According to a new research study[fusion_builder_container hundred_percent=”yes” overflow=”visible”][fusion_builder_row][fusion_builder_column type=”1_1″ background_position=”left top” background_color=”” border_size=”” border_color=”” border_style=”solid” spacing=”yes” background_image=”” background_repeat=”no-repeat” padding=”” margin_top=”0px” margin_bottom=”0px” class=”” id=”” animation_type=”” animation_speed=”0.3″ animation_direction=”left” hide_on_mobile=”no” center_content=”no” min_height=”none”]1. Abstract:

The appearance of being scientific can increase persuasiveness. Even trivial cues can create such an appearance of a scientific basis. In our studies, including simple elements, such as graphs (Studies 1–2) or a chemical formula (Study 3), increased belief in a medication’s efficacy. This appears to be due to the association of such elements with science, rather than increased comprehensibility, use of visuals, or recall. Belief in science moderates the persuasive effect of graphs, such that people who have a greater belief in science are more affected by the presence of graphs (Study 2). Overall, the studies contribute to past research by demonstrating that even trivial elements can increase public persuasion despite their not truly indicating scientific expertise or objective support.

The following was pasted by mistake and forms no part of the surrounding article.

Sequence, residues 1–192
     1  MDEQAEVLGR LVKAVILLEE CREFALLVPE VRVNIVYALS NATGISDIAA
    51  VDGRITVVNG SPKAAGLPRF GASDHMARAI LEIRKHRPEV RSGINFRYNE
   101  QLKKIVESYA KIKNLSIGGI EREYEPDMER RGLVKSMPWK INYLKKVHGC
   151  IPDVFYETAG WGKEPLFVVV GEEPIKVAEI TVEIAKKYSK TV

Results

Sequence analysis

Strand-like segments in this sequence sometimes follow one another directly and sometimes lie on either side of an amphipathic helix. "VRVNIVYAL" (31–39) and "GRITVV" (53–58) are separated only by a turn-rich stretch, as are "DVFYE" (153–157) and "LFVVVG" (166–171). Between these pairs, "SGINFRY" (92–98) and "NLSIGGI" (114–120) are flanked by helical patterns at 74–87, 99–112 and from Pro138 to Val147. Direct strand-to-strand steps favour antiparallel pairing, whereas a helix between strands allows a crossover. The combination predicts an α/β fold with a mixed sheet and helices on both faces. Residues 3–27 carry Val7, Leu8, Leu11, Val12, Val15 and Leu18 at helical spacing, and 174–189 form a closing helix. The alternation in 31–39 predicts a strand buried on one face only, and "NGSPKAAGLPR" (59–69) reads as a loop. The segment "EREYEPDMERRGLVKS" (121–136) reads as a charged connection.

Some considerations:

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  1.  Tal, A., & Wansink, B. (2014). Blinded with science: Trivial graphs and formulas increase ad persuasiveness and belief in product efficacy. Public Understanding of Science, 1–9. doi:10.1177/0963662514549688 (link)

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